Airbus forecasts difficult times for employment in the group. - Michel Euler / AP / SIPA

It doesn't smell good at all. Further reductions in production rates are to be considered for Airbus, which could have to make "bitter" and "difficult" decisions for employment "before the end of July," warned the executive chairman of the European aircraft manufacturer. In a letter addressed to the nearly 140,000 employees of the group and published by the newspaper La Tribune on Saturday, Guillaume Faury indicates to them that he "intends to return" to them "before the end of July with more details" on the "plan adaptation ”of the group, which has already reduced its production by 40% for 2020 and 2021 compared to previous forecasts for these two years, in order to cope with the Covid-19 crisis.

According to Guillaume Faury, the level of air traffic in 2019 will not be found worldwide until 2023 "at best", "even 2025". "The aviation sector crisis will be long and of such magnitude that it requires us to take more important measures" than those already taken at Airbus, explains the manager.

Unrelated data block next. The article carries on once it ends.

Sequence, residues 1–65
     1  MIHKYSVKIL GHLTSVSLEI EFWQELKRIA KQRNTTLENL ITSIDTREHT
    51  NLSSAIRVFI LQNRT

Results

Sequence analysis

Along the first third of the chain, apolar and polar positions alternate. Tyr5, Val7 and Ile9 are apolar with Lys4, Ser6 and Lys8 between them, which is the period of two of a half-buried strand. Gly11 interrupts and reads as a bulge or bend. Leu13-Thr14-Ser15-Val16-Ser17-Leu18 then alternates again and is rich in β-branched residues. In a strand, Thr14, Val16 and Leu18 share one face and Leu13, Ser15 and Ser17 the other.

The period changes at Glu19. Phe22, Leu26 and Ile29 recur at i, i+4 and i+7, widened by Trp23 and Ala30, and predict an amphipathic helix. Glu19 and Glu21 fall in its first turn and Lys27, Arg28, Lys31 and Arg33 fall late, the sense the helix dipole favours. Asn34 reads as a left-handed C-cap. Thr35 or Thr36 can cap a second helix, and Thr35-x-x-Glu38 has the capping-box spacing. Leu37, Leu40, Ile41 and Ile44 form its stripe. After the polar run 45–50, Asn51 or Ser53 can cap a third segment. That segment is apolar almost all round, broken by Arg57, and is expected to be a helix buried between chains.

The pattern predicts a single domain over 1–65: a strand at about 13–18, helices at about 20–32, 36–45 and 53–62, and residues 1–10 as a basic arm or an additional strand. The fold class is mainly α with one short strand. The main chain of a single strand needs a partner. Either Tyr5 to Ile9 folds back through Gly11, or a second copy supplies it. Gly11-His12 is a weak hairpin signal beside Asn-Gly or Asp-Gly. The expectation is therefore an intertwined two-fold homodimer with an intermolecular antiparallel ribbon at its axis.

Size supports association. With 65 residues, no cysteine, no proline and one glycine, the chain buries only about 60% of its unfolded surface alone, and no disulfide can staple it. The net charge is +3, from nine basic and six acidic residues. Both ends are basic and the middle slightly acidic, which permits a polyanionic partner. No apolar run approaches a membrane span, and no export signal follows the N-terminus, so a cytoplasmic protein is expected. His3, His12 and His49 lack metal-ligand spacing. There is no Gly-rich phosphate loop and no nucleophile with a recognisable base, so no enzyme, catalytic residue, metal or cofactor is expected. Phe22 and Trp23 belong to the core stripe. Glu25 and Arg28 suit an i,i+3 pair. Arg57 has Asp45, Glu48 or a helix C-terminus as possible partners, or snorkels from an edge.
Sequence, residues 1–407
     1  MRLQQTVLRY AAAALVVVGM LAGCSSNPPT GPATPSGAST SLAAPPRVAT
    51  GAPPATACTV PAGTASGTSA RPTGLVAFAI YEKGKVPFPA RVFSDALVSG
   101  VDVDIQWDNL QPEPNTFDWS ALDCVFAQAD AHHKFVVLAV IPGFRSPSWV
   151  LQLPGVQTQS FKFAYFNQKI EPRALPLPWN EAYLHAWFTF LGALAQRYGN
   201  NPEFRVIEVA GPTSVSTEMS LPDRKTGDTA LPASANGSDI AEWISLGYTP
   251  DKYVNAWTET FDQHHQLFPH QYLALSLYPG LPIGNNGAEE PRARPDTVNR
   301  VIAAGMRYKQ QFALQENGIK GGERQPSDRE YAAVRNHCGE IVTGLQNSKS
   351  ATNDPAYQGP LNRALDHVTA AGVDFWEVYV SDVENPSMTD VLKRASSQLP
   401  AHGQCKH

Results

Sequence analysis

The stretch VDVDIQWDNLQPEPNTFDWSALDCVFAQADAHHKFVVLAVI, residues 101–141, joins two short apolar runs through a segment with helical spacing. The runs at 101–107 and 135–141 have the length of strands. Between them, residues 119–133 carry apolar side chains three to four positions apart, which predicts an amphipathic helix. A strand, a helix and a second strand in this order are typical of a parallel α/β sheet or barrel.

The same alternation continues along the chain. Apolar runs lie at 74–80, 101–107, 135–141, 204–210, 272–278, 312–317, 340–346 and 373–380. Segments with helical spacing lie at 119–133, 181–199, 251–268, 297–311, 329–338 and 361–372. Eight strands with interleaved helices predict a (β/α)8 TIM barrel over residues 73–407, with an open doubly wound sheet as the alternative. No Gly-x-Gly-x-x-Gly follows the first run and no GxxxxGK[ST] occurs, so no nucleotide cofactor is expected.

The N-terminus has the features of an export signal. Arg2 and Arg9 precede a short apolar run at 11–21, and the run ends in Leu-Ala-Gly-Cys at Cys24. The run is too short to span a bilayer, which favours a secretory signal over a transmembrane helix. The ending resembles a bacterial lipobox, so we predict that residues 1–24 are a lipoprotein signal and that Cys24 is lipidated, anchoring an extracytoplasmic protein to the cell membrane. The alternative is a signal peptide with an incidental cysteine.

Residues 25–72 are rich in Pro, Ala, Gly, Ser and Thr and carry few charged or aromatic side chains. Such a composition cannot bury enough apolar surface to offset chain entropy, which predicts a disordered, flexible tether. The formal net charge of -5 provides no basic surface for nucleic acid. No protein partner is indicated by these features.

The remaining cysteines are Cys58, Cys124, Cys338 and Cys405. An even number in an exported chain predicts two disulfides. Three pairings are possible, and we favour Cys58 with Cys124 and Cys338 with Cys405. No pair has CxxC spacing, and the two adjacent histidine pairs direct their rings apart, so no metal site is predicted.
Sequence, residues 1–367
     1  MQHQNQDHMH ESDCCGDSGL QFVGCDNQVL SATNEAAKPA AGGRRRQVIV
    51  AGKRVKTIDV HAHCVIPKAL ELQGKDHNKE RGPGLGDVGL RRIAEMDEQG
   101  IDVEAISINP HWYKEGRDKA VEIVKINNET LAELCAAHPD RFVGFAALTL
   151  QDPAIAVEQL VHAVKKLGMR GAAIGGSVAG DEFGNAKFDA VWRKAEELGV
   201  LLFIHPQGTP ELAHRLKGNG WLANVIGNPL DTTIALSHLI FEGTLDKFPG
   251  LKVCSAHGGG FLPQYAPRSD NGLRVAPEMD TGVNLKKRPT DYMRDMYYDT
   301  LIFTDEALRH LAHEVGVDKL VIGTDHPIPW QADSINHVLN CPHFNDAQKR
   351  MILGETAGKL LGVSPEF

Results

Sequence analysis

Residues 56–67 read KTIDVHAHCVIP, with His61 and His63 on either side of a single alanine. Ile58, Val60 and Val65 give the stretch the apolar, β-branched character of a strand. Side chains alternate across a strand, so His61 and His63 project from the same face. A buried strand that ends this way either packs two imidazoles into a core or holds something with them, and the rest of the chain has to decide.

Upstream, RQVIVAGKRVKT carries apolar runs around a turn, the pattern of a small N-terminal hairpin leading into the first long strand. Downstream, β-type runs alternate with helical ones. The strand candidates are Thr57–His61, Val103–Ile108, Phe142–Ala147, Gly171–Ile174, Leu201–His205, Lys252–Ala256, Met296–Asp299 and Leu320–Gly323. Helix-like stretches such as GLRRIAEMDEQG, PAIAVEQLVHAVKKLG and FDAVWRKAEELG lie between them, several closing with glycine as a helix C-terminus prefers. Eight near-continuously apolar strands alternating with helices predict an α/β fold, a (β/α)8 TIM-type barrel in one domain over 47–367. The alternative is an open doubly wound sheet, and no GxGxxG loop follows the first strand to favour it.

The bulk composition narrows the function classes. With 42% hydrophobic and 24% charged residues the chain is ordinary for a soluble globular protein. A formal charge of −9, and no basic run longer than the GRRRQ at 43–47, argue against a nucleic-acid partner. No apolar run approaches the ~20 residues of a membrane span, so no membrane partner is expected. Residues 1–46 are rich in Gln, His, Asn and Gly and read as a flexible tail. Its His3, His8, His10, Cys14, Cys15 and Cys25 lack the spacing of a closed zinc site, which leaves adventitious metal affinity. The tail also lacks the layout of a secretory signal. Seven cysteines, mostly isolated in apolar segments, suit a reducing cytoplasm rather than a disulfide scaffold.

Job cuts in sight

“The scale of the Covid-19 crisis for our sector requires Airbus to adapt. This adaptation actually means a significant reduction in the size of our business. After decades of uninterrupted growth, this is a real test. It forces us to bitter decisions, "adds Guillaume Faury in his letter which also mentions the need for" courage "in the face of" difficult decisions ".

"These decisions are unfortunately necessary to protect the future of our business," said the manager. Before executives of the group, he had already indicated that a restructuring plan including job cuts would be necessary. "We are determined to preserve the know-how of the company as much as possible," stresses Mr. Faury, "however, this is also why we did not rush to announce anything earlier".

The American Boeing, which had already been entangled for more than a year with the setbacks of its Boeing 737 MAX, meanwhile announced in late April the reduction of 10% of its workforce, or 16,000 jobs. The Canadian Bombardier plans to reduce its workforce by 2,500 positions, when aeronautical engine manufacturers General Electric and Rolls Royce announced 12,600 and 9,000 workforce reductions, respectively.


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